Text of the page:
- The Washington Times - Sunday, September 20, 2015

Presented with the difficult decision of whom to offer his only guest ticket for Pope Francis‘ historic address to a joint session of Congress, Rep. Luis V. Gutierrez said he was moved by “the spirit.”

It was Valentine’s Day. Mr. Guitierrez was attending a community orientation meeting on President Obama’s executive action for deportation amnesty when he met for the first time Father Marco Mercado, a Catholic priest at the Shrine of Our Lady of Guadalupe in Des Plaines, Illinois.

Without hesitation, Mr. Guitierrez offered his guest ticket to Father Mercado, who readily accepted.

“That’s the best thing; there was no calculation,” said Mr. Gutierrez, an Illinois Democrat who is Catholic. “I just did it because the spirit moved me.”

All 535 members of Congress faced the same question: Who would get their guest ticket for a seat in the House chamber when Francis delivers his address to U.S. lawmakers — the first time a pope has done so and likely a once-in-a-lifetime event.

The lawmakers have just one guest ticket apiece for a seat in the chamber. Many will bring family or spouses, some chose to reward loyal staff members and others reached out to religious leaders from their home states and districts.


SEE ALSO: What the pope should tell America


Making his first journey to the U.S., Pope Francis arrives Tuesday in Washington, where he will meet with President Obama in the White House before his speech to a joint gathering of the House and Senate. In Cuba’s capital Sunday, Francis celebrated Mass before thousands of worshippers in Havana’s main square and met with the communist-run island’s former leader, Fidel Castro.

Rep. Louise McIntosh Slaughter, New York Democrat, is Episcopalian, but she knew a leader of the Catholic community in her district who would deeply appreciate the ticket. She invited recently retired Bishop Matthew H. Clark of the Diocese of Rochester, New York.

Ms. Slaughter described him as a “very lovable man who has been part of our lives in Rochester for a very long time.”

After tapping a Catholic leader to join her in the chamber, Ms. Slaughter wanted to share the pope’s visit with people of all faiths and distributed her tickets to see Francis outside the Capitol accordingly.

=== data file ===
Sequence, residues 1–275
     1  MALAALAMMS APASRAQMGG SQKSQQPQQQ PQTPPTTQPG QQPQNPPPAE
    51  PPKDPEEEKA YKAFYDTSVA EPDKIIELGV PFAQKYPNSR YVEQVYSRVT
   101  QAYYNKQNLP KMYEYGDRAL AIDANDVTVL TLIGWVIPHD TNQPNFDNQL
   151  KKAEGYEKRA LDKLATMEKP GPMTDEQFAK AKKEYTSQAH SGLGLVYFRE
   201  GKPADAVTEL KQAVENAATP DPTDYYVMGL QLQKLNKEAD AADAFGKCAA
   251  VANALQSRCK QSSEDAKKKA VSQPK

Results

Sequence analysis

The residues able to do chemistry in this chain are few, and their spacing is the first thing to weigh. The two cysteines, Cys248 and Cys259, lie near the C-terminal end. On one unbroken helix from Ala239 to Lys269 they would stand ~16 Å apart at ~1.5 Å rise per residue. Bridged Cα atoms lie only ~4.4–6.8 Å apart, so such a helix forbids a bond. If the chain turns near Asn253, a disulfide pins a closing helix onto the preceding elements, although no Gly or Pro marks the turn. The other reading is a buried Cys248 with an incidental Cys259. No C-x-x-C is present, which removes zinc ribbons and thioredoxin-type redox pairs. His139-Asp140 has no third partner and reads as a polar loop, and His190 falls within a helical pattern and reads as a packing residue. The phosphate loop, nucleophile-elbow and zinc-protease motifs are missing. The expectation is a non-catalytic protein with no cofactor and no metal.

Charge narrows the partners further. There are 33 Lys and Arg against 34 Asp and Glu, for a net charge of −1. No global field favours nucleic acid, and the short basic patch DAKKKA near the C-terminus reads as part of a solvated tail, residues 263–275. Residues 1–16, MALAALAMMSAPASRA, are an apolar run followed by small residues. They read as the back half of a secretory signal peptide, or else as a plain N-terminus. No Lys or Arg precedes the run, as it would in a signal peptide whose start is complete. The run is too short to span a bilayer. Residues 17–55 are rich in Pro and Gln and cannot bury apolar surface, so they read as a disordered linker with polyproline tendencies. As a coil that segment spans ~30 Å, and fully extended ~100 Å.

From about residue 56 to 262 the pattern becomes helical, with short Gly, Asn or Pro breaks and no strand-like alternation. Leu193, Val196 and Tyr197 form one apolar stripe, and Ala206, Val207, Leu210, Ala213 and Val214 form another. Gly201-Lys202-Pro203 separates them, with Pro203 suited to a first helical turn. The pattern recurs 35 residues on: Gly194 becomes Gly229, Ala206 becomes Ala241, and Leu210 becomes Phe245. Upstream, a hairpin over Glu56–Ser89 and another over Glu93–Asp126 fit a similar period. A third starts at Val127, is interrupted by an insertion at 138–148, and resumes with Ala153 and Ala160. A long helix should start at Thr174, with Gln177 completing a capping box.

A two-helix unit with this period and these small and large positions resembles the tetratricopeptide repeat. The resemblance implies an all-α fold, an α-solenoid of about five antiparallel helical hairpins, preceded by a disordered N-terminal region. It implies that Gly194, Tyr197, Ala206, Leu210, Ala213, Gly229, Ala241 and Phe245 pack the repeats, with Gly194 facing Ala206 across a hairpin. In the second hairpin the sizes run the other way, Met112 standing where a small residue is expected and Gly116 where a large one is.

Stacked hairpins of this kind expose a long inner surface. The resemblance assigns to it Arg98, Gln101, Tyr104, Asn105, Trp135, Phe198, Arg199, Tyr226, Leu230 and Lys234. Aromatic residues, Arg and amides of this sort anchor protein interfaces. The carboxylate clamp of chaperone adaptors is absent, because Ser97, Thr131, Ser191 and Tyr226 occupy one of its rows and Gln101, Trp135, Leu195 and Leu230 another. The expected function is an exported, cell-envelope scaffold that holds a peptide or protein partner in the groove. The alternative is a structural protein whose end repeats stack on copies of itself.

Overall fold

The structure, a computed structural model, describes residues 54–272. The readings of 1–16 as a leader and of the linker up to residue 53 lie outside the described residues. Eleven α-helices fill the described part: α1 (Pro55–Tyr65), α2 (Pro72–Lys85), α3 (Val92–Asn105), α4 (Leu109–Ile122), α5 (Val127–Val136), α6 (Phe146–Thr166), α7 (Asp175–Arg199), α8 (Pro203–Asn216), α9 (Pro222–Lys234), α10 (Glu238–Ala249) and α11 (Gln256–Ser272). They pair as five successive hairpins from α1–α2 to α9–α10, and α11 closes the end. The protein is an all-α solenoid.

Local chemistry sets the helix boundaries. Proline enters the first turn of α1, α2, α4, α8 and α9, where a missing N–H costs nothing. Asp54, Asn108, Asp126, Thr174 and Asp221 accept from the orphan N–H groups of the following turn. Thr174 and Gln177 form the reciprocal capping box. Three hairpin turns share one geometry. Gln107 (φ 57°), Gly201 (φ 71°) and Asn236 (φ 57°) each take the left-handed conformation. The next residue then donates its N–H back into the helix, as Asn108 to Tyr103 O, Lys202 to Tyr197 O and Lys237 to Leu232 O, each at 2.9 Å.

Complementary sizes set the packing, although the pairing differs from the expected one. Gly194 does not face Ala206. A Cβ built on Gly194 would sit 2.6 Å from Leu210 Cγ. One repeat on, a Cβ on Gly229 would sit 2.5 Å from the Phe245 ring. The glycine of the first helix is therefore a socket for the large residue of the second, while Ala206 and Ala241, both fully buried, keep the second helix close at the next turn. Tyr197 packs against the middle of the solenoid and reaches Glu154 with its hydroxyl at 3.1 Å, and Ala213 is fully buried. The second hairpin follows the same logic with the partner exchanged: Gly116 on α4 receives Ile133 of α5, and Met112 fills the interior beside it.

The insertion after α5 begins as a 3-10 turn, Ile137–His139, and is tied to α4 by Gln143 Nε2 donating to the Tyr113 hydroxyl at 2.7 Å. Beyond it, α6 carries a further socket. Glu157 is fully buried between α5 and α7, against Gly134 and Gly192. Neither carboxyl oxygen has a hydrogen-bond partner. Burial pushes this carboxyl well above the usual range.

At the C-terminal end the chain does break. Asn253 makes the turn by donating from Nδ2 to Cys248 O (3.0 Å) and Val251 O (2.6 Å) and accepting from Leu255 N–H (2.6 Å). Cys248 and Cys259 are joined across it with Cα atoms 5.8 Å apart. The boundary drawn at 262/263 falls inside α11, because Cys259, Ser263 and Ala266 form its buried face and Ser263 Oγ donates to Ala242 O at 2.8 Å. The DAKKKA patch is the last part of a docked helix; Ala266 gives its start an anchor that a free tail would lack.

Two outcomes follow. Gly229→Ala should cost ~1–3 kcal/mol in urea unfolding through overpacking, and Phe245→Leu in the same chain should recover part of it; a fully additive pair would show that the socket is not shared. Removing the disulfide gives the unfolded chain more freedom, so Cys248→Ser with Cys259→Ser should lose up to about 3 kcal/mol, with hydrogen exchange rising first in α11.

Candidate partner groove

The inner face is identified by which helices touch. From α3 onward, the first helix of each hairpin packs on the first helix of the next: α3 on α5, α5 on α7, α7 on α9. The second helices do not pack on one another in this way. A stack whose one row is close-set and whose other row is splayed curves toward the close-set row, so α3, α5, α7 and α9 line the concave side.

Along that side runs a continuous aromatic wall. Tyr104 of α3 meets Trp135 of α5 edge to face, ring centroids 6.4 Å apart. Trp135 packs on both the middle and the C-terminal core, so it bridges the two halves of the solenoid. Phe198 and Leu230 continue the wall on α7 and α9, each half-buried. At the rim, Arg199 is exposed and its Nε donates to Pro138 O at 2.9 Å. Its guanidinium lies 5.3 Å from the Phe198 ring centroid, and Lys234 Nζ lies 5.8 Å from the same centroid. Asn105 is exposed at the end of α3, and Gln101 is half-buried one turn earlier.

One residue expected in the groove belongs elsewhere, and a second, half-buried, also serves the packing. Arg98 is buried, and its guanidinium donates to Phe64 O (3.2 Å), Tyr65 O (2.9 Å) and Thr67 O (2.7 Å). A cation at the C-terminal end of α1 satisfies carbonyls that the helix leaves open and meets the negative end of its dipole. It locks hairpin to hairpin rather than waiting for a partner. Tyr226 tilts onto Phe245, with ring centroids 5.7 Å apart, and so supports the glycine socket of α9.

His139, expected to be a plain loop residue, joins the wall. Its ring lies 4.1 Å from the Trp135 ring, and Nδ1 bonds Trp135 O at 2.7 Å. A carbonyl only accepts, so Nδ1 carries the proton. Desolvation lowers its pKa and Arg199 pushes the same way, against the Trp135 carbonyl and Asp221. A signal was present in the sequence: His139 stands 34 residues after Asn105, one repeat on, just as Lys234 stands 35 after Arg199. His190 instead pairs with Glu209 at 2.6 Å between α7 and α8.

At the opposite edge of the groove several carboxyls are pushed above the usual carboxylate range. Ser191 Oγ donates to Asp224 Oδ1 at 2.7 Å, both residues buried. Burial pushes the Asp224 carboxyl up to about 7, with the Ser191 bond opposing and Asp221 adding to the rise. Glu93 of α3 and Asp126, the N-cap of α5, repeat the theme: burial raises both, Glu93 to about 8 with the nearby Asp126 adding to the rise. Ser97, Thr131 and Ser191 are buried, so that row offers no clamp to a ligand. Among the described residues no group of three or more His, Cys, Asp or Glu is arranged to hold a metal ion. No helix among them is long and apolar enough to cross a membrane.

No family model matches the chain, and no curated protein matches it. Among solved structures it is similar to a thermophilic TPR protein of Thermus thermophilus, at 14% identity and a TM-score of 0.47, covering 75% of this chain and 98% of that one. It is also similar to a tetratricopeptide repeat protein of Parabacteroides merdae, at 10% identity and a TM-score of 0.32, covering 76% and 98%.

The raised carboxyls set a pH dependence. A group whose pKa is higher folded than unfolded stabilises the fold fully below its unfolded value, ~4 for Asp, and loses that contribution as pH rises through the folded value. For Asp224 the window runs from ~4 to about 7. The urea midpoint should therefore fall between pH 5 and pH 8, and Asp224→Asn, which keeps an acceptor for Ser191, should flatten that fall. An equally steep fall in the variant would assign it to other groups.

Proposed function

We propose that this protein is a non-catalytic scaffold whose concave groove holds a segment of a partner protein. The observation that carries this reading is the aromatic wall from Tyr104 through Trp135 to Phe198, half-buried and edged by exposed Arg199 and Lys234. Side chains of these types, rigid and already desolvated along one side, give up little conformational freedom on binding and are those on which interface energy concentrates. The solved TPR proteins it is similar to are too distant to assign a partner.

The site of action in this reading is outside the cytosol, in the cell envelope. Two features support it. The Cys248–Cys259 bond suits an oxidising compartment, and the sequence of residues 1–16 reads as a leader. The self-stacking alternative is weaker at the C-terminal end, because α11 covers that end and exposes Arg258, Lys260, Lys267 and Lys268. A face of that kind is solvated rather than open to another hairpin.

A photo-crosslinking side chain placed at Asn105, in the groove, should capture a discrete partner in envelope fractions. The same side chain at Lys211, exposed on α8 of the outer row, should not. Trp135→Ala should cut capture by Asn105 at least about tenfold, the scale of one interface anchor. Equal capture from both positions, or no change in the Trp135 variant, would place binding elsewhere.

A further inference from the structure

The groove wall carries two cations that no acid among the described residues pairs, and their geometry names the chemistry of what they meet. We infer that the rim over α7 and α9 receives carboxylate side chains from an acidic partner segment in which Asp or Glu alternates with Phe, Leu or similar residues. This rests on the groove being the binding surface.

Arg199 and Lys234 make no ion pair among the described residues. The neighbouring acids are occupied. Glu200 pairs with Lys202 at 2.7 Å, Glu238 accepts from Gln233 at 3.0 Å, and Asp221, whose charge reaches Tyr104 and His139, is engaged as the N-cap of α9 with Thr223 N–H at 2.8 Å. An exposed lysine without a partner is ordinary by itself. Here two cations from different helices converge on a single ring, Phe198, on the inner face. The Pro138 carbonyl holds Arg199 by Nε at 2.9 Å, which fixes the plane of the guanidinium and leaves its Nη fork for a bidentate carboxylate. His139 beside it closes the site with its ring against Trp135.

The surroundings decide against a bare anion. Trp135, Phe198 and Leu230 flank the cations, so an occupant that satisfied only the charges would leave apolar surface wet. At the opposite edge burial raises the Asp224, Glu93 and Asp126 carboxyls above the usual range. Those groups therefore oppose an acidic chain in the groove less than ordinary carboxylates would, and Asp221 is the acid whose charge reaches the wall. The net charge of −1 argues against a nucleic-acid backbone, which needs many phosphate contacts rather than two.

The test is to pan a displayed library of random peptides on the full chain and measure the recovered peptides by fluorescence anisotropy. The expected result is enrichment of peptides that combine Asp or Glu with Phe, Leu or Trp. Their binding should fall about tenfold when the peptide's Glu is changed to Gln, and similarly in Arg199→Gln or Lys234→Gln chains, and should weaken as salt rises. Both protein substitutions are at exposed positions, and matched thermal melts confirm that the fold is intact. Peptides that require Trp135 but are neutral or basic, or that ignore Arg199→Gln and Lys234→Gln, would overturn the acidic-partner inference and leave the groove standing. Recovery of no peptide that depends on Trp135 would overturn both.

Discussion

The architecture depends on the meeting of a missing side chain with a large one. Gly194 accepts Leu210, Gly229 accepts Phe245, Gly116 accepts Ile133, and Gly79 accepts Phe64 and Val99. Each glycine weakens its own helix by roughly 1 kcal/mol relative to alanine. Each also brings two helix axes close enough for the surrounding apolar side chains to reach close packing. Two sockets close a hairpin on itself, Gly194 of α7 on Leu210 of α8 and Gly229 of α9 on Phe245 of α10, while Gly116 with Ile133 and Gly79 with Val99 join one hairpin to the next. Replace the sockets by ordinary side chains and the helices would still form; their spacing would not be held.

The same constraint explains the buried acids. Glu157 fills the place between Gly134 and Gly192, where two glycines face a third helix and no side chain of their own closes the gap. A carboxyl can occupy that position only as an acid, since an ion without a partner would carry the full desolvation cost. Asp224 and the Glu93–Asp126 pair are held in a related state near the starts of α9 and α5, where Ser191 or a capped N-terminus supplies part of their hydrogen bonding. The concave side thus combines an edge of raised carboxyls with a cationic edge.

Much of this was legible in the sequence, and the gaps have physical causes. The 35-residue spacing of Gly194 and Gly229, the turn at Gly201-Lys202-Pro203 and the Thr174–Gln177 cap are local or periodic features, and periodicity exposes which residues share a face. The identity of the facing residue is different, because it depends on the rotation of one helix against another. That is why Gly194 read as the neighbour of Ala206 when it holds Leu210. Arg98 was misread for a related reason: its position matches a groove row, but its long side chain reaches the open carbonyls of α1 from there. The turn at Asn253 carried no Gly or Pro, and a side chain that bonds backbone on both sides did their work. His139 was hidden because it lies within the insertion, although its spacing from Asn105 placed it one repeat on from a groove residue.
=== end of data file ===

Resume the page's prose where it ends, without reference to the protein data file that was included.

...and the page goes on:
“We made sure that we invited a rabbi and an imam and some other priests and people who just are interested, some of our evangelical churches. We were very ecumenical,” she said. “I think this pope is pretty remarkable, and I know that everyone wants to hear him.”

House members have 50 tickets and senators have 200 tickets to see the pope make a brief public appearance on the West Front of the Capitol, where his address to Congress will be broadcast on large screens.

Rep. Tom Cole, Oklahoma Republican, surprised his chief of staff, Sean Murphy, by handing him the guest ticket for a seat in the chamber.

Mr. Murphy, who is Catholic, suggested that the congressman carefully look over his options for whom to give the ticket, advising him that it was “a really big deal.”

“I said, ‘Well, Sean, don’t you want to go?’ and he said, ‘Yeah,’” recalled Mr. Cole. “So I said, ‘You get to go.’

“That’s what I decided to do,” he said. “This is a very meaningful thing to him, and I wanted him to have the opportunity to do that. He does a great job for me.”

Sen. Joe Manchin III, West Virginia Democrat, said he didn’t think twice before inviting his wife, Gayle, to accompany him in the chamber.

“That was a very easy one. When you’ve been married 48 years, that’s not even a thought process. It’s automatic,” said Mr. Manchin, who is Catholic.

He distributed his 200 tickets for outside the Capitol on a first-come, first-served basis on his Senate website. The tickets were distributed in less than two hours.

“They were all gobbled up,” Mr. Manchin said.

Mr. Manchin plans to be on hand for most of the pope’s events in Washington.

He said he had invited Monsignor Edward Sadie, rector of the Basilica of the Co-Cathedral of the Sacred Heart in Charleston, West Virginia, to accompany him and his wife at a reception for Francis at the White House. Mrs. Manchin also will accompany him at a Mass celebrated by Francis at the Basilica of the National Shrine of the Immaculate Conception.

The senator hoped the pope’s visit would have a lasting impact on lawmakers. “Maybe it will have a calming effect, calm us all down, bring us together as brothers and sisters in America with everyone working together,” he said.

Sen. Christopher A. Coons, Delaware Democrat, invited his wife, Annie.

“My special guest is my wife, who is very excited to get to hear his holiness and very much looking forward to the opportunity,” he said.

Still, he warned that the intersection of religion and politics likely will test Pope Francis‘ audience.

He said a famous theologian once said that “the challenge of being a faith leader is to comfort the afflicted and afflict the comfortable.”

Mr. Coons told his wife to keep that in mind. “I am fully confident that at some point [the pope] will make everybody uncomfortable,” he said. “I think that’s a very constructive role for a spiritual leader.”

The maxim was proving itself even before the pope’s arrival.

Barring a last-minute change of heart, Rep. Paul A. Gosar isn’t bringing anyone because the he isn’t going.

The Arizona Republican said he is boycotting Francis’ speech because he thinks the pontiff will focus on climate change instead of religious tolerance and pro-life issues.

Mr. Gosar, a Catholic, said he also hadn’t doled out his 50 lawn tickets. As of Friday, none of his colleagues had tried to snap up those extras.

“I haven’t had any requests,” Mr. Gosar said. “People now are finding out where I stand, so we’ll see.”

This article is based in part on wire service reports.

Copyright © 2018 The Washington Times, LLC. Click here for reprint permission.

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